Saturday, June 17, 2006

The Widening Gap

Politicians have already begun the fall campaign. "Issues" are being discussed and formatted in the best thirty-second ad-buy possible. Since it seems that both sides have decided to revert to familiar issue ground (war+terrorism=national security) offering the American public no real alternative but a hard or lite version with side issues (immigration, gay marriage, privacy) that only the respective core bases will swallow it might be still early enough to raise a real issue of concern.

America's economy has outpaced other rich countries' for a decade, due to a leap in productivity after 1995. American workers now produce over 30% more each hour than ten years ago. A legacy of the late 1990s was that everybody shared in this boom. True, incomes rose the fastest at the top, but all workers' wages outpaced inflation. After 2000 something changed. The pace of productivity growth has been rising again, but now it seems to be lifting fewer people. After you adjust for inflation, the wages of the typical American worker—the one at the very middle of the income distribution—have risen less than 1% since 2000. In the previous five years, they rose over 6%. If you take into account the value of employee benefits, such as health care, the contrast is a little less stark. But, whatever the measure, it seems clear that only the fruits of productivity gains are skewed towards the highest earners, and companies, whose profits have reached record levels as a share of GDP.

Average after-tax income per person, President Bush often points out, has risen by more than 8% on his watch, once inflation is taken into account. He is right, but this is misleading, since the median worker—the one in the middle of the income range—has done less well than the average, whose gains are pulled up by the big increases of those at the top.

Of course in this highly polarized country, and in haste to applaud or lament these facts, the exact size of the gap depends on how you measure it. If one looks at wages, the main source of income for most people, you understate the importance of health care and other benefits. Look at household income and you need to take into account that the typical household has fallen in size in recent decades, thanks to the growth in single-parent families. Look at statistics on spending and you discover that gaps between the top and bottom have widened less than for income. However, every measure shows that, over the past quarter century, the top has done better than those in the middle, who in turn have outpaced those at the bottom. All this means that productivity growth has become increasingly skewed. After 2000 most people lost ground, but, interestingly enough, those in the middle of the skills and education ladder have been hit relatively harder than those at the bottom. People who had some college experience, but no degree, fared worse than high-school dropouts. Some statistics suggest that the annual income of Americans with a college degree has fallen relative to that of high-school graduates for the first time in decades. So, whereas the 1980s were hardest on the lowest skilled, the 1990s and this decade have squeezed people in the middle.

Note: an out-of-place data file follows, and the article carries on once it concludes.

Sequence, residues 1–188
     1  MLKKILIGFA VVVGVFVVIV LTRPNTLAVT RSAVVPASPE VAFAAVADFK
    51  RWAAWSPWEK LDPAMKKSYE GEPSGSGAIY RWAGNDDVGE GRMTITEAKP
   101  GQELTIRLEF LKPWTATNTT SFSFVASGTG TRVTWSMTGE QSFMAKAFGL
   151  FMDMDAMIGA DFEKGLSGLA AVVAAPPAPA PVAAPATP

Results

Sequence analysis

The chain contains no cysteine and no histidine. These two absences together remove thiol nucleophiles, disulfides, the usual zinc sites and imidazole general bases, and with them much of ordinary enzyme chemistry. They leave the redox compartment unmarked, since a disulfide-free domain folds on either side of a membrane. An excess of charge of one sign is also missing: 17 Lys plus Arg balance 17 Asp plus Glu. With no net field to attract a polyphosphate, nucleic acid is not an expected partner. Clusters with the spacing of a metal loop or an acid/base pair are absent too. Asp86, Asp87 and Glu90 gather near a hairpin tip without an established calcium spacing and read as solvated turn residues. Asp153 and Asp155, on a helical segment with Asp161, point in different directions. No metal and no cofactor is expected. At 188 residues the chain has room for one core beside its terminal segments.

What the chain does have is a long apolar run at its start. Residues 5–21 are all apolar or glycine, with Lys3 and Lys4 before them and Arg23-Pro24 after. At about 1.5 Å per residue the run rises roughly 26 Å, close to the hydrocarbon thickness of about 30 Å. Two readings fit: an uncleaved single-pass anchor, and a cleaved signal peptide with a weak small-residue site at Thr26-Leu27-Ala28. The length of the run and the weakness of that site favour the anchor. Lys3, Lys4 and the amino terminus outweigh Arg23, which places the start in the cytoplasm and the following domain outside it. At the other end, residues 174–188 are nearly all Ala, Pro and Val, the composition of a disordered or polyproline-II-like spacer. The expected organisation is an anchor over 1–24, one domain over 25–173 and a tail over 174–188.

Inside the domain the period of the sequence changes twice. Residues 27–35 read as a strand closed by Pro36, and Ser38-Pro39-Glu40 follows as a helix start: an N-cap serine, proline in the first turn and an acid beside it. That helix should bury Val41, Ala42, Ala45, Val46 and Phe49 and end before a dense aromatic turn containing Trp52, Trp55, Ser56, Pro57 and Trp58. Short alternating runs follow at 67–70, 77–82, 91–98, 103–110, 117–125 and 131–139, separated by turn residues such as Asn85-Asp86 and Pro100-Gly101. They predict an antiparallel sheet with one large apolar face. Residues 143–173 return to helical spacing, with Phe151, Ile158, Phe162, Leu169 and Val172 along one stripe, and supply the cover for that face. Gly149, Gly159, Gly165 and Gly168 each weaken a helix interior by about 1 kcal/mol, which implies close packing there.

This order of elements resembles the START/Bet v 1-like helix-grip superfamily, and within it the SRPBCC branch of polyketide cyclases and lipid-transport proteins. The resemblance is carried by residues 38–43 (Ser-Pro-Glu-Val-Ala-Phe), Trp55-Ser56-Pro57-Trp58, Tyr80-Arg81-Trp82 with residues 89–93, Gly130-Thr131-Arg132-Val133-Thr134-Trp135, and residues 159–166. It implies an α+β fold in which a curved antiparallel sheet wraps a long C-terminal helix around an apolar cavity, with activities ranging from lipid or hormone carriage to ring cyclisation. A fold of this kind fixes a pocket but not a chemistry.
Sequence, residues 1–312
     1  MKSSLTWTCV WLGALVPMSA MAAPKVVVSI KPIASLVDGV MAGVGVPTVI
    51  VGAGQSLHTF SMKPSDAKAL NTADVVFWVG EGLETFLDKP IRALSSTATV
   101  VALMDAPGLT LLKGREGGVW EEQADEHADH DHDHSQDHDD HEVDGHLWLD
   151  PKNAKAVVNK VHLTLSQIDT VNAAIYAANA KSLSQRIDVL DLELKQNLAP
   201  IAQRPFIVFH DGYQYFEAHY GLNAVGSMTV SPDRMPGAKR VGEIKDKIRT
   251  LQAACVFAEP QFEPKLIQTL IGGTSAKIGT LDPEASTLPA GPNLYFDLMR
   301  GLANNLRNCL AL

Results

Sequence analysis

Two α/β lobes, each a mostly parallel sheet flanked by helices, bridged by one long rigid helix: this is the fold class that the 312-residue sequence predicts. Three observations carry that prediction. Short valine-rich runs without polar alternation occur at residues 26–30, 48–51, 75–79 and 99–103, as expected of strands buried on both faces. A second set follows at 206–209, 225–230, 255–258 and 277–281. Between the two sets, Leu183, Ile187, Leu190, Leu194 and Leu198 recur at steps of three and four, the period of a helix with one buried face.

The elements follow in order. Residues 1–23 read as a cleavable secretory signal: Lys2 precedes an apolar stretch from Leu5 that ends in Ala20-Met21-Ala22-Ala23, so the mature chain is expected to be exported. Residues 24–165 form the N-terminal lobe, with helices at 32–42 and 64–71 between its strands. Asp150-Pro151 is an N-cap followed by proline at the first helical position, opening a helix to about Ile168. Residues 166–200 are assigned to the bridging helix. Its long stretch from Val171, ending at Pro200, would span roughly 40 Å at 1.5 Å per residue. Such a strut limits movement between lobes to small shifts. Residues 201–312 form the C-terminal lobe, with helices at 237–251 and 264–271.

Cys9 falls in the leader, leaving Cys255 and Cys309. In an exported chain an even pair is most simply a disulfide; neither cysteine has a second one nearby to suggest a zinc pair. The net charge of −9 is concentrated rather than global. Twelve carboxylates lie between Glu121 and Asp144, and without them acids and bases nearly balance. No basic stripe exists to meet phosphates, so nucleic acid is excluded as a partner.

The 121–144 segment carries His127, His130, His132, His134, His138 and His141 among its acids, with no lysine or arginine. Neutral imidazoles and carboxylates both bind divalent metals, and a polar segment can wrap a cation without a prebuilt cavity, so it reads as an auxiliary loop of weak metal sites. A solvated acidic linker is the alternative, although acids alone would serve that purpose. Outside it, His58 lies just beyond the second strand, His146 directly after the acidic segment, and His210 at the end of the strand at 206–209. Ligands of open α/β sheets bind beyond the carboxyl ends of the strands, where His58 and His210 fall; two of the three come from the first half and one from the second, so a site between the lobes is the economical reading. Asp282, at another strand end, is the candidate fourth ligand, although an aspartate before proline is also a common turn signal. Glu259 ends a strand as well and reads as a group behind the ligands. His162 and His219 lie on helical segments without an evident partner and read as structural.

The one truly continuous trend over the past 25 years has been towards greater concentration of income at the very top. This is a fact that both sides of the political spectrum discuss, the difference is how it is considered a problem or a success. In the recent issue of The Economist the article on this very issue points to several recent studies that have dissected tax records to investigate what goes on at the very top. The figures are startling. According to Emmanuel Saez of the University of California, Berkeley, and Thomas Piketty of the Ecole Normale SupĂ©rieure in Paris, the share of aggregate income going to the highest-earning 1% of Americans has doubled from 8% in 1980 to over 16% in 2004. That going to the top tenth of 1% has tripled from 2% in 1980 to 7% today. And that going to the top one-hundredth of 1%—the 14,000 taxpayers at the very top of the income ladder—has quadrupled from 0.65% in 1980 to 2.87% in 2004. Put these pieces together and you do not have a picture of ever-widening inequality but of what Lawrence Katz of Harvard University, David Autor of the Massachusetts Institute of Technology and Melissa Kearney of the Brookings Institution call a polarisation of the labor market. The bottom is no longer falling behind, the top is soaring ahead and the middle is under pressure. Here is a real issue for America’s politicians to debate and campaign on this fall. Will anyone be courageous enough to tackle the issue?

Note: For an in-depth report on the gap between rich and poor in America visit:

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